And it has transformed the lives of my team – because now they are a critical part of the process of knowing what’s going on and what we need to achieve. Rather than just waiting to be told which fire to jump to put out or scanner to operate, they know their contribution and impact on the business and our customers.
As she finished, and feeling slightly overwhelmed by the emotion being expressed, Richard reflected on how the reaction of this one woman in one team crystallized everything that he and Neil believed in and hoped for from their work. This showed that among all the talk of productivity gains, business targets and strategic goals, there is a human side to operations. There is a choice about the way we manage ourselves and our teams, and it doesn’t have to be reactive and stressful.
Anhera’s story is about one person and her team. It is about making an impact on success, job satisfaction and achievement among the relentless pressures and constraints of running modern operations. Today, there are thousands like her who have discovered the difference being in control makes to themselves and to the people around them.
If you recognize the challenge and pressures of operations management Anhera described, and would like to make a difference to your own working life and those around you, we wrote this book for you.
Of all the books, on all the shelves, in all the stores, you had to look into this one
There must be millions of books on management so why pick this one? Is this the one? Will this be the book you read rather than just put on the shelf? Let’s be honest: it isn’t likely to be the one you leave lying around on the coffee table to impress guests at your next soirĂ©e, but will it be the one you recommend to colleagues? Will it have dog-eared corners and bristle with sticky notes in a few years’ time for repeated reading?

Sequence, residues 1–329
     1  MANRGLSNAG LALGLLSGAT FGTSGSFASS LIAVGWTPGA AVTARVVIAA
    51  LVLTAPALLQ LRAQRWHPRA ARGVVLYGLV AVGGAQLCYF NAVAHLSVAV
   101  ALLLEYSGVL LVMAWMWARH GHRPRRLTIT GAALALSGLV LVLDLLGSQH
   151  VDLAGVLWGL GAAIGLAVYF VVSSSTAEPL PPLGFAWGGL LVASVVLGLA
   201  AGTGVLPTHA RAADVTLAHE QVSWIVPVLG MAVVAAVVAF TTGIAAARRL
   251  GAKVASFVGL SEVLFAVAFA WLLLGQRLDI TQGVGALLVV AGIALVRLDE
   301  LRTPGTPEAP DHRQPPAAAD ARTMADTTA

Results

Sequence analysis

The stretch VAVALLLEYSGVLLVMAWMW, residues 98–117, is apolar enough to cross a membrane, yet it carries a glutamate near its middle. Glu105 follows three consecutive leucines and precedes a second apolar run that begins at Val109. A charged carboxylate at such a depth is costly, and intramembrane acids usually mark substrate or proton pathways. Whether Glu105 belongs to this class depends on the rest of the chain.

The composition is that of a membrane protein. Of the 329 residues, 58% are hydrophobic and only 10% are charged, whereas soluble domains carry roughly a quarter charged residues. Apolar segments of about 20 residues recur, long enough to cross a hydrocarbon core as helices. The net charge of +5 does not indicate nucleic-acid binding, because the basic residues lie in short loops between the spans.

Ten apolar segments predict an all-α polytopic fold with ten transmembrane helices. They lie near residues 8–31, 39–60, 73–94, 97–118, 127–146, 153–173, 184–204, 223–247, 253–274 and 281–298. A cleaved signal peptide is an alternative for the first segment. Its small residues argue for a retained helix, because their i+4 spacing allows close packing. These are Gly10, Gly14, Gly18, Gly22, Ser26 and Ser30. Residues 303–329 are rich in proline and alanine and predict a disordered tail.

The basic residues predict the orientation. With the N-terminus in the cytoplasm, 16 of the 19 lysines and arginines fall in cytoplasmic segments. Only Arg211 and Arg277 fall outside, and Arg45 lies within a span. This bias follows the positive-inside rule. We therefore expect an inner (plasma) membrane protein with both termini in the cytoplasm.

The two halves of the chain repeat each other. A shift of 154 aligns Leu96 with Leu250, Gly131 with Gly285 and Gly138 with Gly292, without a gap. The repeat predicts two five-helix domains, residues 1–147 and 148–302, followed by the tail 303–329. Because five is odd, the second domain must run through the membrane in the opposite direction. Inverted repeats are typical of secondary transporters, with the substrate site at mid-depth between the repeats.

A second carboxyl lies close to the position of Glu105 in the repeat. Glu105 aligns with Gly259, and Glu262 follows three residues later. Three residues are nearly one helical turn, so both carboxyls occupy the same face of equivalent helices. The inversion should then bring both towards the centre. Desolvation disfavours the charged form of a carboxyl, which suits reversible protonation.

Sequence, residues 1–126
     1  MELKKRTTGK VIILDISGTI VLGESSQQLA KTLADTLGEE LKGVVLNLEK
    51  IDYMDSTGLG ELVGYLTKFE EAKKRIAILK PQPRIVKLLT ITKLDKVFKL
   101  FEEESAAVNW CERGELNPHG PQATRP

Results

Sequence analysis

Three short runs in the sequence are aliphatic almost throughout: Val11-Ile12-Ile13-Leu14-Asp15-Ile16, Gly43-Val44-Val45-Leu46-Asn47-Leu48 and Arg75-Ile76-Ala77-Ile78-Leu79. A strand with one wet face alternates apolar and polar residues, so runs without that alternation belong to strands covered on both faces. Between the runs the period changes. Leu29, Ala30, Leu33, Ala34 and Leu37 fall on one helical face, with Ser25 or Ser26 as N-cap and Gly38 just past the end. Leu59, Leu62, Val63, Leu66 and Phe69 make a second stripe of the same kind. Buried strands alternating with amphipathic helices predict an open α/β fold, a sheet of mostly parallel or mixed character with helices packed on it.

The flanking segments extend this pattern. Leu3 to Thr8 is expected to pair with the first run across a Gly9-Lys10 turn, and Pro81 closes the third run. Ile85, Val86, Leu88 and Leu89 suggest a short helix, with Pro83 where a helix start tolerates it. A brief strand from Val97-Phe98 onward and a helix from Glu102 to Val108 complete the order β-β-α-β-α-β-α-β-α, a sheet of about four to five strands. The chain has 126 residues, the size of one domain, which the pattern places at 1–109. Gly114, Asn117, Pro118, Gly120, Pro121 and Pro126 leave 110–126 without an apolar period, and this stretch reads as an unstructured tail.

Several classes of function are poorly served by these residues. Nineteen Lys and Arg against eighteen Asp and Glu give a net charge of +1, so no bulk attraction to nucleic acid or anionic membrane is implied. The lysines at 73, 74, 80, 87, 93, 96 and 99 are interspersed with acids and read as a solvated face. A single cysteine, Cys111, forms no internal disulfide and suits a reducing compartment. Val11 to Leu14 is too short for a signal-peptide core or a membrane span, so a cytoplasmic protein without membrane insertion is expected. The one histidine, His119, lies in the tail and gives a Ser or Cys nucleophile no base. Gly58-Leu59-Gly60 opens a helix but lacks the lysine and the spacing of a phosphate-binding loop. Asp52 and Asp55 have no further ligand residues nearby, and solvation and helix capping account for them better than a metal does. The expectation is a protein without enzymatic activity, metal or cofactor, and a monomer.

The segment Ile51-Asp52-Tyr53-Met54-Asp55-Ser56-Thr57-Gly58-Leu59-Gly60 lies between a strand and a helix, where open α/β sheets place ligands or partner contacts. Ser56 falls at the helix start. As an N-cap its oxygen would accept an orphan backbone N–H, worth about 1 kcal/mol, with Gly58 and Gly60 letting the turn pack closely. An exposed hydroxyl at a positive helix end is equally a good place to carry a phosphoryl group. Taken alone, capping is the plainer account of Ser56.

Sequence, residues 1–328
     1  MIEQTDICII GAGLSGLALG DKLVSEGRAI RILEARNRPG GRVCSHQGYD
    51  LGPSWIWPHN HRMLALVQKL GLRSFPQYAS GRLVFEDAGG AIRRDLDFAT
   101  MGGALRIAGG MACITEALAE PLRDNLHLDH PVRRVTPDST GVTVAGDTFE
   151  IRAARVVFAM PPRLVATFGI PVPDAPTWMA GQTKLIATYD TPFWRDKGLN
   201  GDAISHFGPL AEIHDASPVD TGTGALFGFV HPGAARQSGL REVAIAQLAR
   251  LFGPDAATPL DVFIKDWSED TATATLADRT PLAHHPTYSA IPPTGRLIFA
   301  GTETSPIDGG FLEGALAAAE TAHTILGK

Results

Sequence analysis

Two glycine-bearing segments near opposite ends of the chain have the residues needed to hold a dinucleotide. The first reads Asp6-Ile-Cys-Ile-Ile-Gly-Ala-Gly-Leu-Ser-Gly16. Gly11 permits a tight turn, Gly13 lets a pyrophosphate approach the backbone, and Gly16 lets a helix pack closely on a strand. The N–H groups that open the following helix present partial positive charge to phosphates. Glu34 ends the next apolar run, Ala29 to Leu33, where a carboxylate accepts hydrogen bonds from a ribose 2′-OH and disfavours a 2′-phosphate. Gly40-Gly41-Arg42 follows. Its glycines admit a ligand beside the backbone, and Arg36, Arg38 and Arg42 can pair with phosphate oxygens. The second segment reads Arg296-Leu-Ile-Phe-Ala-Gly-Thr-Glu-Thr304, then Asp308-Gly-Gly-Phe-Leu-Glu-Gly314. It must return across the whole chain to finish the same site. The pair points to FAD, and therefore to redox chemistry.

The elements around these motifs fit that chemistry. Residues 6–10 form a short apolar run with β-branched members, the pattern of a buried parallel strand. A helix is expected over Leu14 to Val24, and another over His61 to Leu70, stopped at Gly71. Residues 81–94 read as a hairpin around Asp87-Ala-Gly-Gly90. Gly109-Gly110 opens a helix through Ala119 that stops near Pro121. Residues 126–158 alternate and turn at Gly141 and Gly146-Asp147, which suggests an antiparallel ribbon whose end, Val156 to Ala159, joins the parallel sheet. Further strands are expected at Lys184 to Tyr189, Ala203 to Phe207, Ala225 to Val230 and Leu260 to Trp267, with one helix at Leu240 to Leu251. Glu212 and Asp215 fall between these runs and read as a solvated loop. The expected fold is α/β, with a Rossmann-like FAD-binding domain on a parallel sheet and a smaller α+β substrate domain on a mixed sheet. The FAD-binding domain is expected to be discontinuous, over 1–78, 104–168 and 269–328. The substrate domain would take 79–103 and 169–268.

We hope so, of course, but that rather depends on whether we are addressing a real need for you. Did Anhera’s story resonate with you? Would it be good to feel more in control? We will start by setting out our stall so that you can decide now if you should move on or read on.
This is a book all about service operations. That is to say, the part of the organization that delivers the goods to customers in businesses like banks, insurance companies, shared service centres and the like. You might call it operations, or the back office, or customer services, or ‘just the thing I need to do to pay the mortgage for a few more years’. If you manage a team, or a number of teams, that processes information and delivers services to customers then this book will have something to offer you.
We are going to talk about Method: an approach to planning and managing the resources you have (mainly your people, but maybe some robots too) to meet your customers’ needs. Method: really? You’re doing this every day of your working life; what can we possibly teach you? That is hard to say since we haven’t met you but we hope our opening story illustrates that even talented people who care about their operation can sometimes benefit from a fresh way of looking at things. Anhera was a good team leader working in a well-run operation but still found real benefit in a new method.